Asphalt Recycling Section
Better Roads Staff
By Dan Brown, Contributing Editor
How do you cold-recycle the top 6 inches of a 9-mile stretch of rural asphalt roadway for just $5 million? In several stages, says the Utah DOT. And they did just that this spring on US 191 near Bluff.
The first stage involved milling 3 inches of asphalt and stockpiling the reclaimed asphalt pavement (RAP) at a central plant location. In the second stage, Coughlin Co, St. George, Utah, cold-recycled – in place – the second 3-inch lift and added lime slurry and emulsion in the process. The third stage entailed rejuvenating the stockpiled RAP with emulsion and lime at the central cold plant, then paving it back. A double chip seal completed the process.
By comparison, just overlaying the pavement with 6 inches of hot mix would cost $5 million, says Kirk Thornock, asset management engineer for UDOT’s Region 4. That would not include any milling or trucking.
The thought process
Block cracking on this section of US 191 was severe. Over the years, cracks had grown wider and deeper. Some of them reached up to 10 to 12 inches wide and extended to the full depth of the 12-inch-thick asphalt, says Thornock. Fortunately for traffic, most of the cracks were longitudinal. “It was a very rough road for the traveling public,” says Thornock.
A few years ago, the Utah DOT named a budget figure of $5 million to fix the road. Several companies had tried to fill the cracks with some type of mastic or cement. “Every one of them failed,” says Thornock. “Plus, the prices for milling and filling those areas with mastic or some type of asphalt got out of hand, even for that simple type of work.”
Meanwhile, Utah has had success with cold-in-place recycling (CIR). “So I started thinking about cold recycling to help bridge these cracks, knowing this would not be an end-all solution, but a very good alternative,” says Thornock. “I noticed that the Nevada DOT had incorporated central (cold) plant recycling into their spec, and the Utah DOT had not tried that yet.”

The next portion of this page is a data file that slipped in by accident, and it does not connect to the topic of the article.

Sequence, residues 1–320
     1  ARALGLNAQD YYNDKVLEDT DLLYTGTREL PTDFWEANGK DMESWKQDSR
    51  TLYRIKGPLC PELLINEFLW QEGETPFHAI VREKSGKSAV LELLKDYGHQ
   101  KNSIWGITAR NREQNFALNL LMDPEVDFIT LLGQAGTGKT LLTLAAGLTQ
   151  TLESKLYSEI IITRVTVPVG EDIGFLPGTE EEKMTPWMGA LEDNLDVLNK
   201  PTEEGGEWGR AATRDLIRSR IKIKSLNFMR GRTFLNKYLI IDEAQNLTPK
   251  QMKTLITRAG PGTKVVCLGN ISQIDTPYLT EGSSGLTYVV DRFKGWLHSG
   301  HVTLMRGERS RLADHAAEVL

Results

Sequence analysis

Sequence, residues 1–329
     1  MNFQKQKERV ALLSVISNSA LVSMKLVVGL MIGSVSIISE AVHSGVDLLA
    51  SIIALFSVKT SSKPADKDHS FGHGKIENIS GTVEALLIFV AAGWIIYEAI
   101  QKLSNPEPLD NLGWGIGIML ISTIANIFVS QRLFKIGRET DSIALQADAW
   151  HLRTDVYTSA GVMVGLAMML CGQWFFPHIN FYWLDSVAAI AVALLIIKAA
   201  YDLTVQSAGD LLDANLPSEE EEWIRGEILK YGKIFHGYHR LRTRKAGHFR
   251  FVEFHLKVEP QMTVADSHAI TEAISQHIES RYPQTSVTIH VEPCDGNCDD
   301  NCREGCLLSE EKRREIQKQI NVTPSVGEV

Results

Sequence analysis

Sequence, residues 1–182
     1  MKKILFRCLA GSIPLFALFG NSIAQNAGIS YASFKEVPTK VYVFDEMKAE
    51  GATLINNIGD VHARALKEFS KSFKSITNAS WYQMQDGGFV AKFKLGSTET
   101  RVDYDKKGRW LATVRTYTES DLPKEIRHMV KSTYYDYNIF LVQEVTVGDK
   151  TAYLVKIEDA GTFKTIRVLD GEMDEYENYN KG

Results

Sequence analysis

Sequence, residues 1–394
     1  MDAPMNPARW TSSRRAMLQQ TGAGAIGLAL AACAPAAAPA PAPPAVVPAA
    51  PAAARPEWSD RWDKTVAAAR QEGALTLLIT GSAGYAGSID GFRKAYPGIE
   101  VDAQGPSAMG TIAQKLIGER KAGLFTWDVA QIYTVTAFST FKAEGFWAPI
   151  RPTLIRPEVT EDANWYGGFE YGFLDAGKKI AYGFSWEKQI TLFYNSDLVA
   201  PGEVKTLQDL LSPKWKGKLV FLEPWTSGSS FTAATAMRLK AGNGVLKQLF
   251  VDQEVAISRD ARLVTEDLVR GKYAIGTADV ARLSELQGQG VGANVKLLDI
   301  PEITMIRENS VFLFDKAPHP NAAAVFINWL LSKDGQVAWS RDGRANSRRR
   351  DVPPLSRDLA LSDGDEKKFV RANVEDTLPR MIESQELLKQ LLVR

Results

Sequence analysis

Thornock wanted to rehabilitate the pavement as deeply as possible – a minimum of 6 inches. Limited funds prevented milling 6 inches deep, then filling back with a hot-mix overlay. And cold-in-place recycling could only go 4 inches deep in one step.
Initially UDOT considered milling 2 inches off and then doing a 4-inch CIR. But UDOT officials discussed that with contractors and other team members. They decided that to mill off 3 inches, then cold-recycle 3 inches would be a superior solution. “One, we would get better compaction on 3 inches,” says Thornock. “And, secondly, the 3-inch lift would help to get the moisture out of the cold-in-place material faster.”
Frehner Construction won the bid to handle the CIR and repaving process. Frehner selected Coughlin for the cold recycling and opted to self-perform the paving work. Coughlin used two Roadtec RX-900 milling machines for the initial 3-inch milling. Once that was complete, the CIR could begin, says Darren Coughlin, owner of the company.
How the train works
Two milling machines led off the CIR train. The first was a Caterpillar PR-450 that upcut a pass 7 feet wide and left RAP in a windrow for the second milling machine, a Roadtec RX-900 that cut a pass 12.5 feet wide. By overlapping a bit, the two machines could cut an 18-foot-wide pass. Quicklime slurry, at the rate of 1.5 percent, was added in the cutting chamber of the Roadtec mill.
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